The train station serves as a terminus for bus services 278 and 279 covering the Morisset Peninsula towns and 280 to Cooranbong. These services are operated by Hunter Valley Buses, which acquired the previous provider Toronto Bus. In July 2009, Rover Coaches commenced Route 163, to Cessnock and Kurri Kurri. Christian radio may be heard on 87.8 FM around the town broadcasting 3ABN Australia Radio Network. 3ABN Australia Production Centre is located in Morisset. Iron Horse and Iron Bark: A history of Morisset and district, Beryl Mullard, ISBN 0-9579322-0-0 A Private World on a Nameless Bay - a history of Morisset Hospital, Morisset Hospital Historical Society, ISBN 0-646-39273-5 History of Morisset Morisset Hospital Historical Society 3ABN Australia, Inc

Beethoven (Mähler, 1804–05)

Joseph Willibrord Mähler's portrait of Ludwig van Beethoven, painted in 1804 or 1805, is the first of four untitled portraits the painter made of the composer. Today it hangs in the Pasqualati House of the Vienna Museum. Joseph Willibrord Mähler was introduced to Beethoven by Stephan von Breuning. Though a court secretary, Mähler was interested in music, was a good singer and did some composing. Beethoven took him to one rehearsal of Leonore in 1805. What is known about the painting stems from Alexander Wheelock Thayer's biography, he first came across the original Mähler painting during a research visit to Caroline Barbara van Beethoven, the widow of Karl Beethoven, the composer's nephew. Because Thayer owned a copy, he was interested in learning about the circumstances under which it was painted, he considered this painting the most interesting and engaging of the portraits he had encountered. He interviewed Joseph Willibrord Mähler on May 24, 1860. Thayer characterized the friendship between Beethoven and Mähler as one where composer's kindness was returned by Mähler with warm affection and admiration for composer's genius.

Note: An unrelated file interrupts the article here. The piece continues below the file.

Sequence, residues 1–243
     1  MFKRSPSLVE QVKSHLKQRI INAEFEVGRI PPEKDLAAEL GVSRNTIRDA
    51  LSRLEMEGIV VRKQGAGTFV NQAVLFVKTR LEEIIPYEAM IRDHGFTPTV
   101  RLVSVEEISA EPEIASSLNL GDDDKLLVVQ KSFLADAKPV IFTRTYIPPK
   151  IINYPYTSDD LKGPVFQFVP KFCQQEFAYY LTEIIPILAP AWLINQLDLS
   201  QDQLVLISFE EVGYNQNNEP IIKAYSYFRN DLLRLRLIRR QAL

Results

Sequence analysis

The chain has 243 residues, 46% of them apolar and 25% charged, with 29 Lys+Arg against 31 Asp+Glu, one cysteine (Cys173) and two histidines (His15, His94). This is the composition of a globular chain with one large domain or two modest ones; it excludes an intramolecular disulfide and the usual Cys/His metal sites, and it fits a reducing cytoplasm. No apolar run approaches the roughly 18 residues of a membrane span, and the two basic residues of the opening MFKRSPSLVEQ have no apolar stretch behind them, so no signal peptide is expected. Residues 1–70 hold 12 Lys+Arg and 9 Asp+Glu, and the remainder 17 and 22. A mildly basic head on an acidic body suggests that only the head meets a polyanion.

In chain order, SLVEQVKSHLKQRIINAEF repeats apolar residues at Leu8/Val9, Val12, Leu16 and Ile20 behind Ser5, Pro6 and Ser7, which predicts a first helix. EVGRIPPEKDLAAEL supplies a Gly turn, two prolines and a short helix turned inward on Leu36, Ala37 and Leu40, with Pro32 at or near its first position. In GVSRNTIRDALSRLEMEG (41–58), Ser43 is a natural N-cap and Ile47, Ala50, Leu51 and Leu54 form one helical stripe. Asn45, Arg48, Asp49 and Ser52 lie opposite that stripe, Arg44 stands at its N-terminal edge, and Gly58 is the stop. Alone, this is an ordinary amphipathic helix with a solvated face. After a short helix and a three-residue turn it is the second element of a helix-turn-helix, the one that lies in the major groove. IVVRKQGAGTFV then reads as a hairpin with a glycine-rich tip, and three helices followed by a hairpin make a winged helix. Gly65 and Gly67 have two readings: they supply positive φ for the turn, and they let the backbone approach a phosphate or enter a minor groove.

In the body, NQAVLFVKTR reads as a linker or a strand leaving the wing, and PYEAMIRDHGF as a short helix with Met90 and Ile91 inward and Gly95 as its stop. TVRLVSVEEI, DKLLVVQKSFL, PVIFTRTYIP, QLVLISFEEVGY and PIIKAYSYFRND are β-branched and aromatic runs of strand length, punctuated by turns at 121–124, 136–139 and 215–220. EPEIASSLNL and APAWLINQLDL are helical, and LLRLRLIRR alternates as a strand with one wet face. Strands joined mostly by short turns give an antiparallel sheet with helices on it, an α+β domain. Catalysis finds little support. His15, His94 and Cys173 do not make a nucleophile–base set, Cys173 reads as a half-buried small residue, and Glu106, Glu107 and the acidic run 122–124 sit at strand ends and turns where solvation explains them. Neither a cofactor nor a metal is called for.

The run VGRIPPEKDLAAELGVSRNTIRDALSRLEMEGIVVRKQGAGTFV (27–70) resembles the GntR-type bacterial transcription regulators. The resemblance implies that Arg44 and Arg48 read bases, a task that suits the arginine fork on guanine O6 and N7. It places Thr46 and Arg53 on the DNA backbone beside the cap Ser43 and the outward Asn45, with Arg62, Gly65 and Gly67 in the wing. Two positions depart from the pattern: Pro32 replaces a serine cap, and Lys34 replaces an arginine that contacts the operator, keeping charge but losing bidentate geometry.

In offering recollections of Beethoven, Mähler wondered where it was. To his question, Thayer responded. Mähler revealed that he had a copy of it. Mähler painted four portraits of Beethoven. Only the first image, dated by Thayer at 1804–05, contains a nearly full view of the composer. Beethoven liked this portrait much and owned it until his death. There are only three references to this portrait in contemporary Beethoven sources: In Beethoven's Nachlass there was an undated note to Mähler: "I beg of you to return my portrait to me as soon as you have made sufficient use of it—if you need it longer I beg of you at least to make haste—I have promised the portrait to a stranger, a lady who saw it here, that she may hang it in her room during her stay of several weeks. Who can withstand such charming importunities, as a matter of course a portion of the lovely favors which I shall thus garner will fall to you"; the portrait of Beethoven’s grandfather was prominently displayed in the entry hall, while the Mähler portrait was on the back wall of a storage room where visitors were never admitted.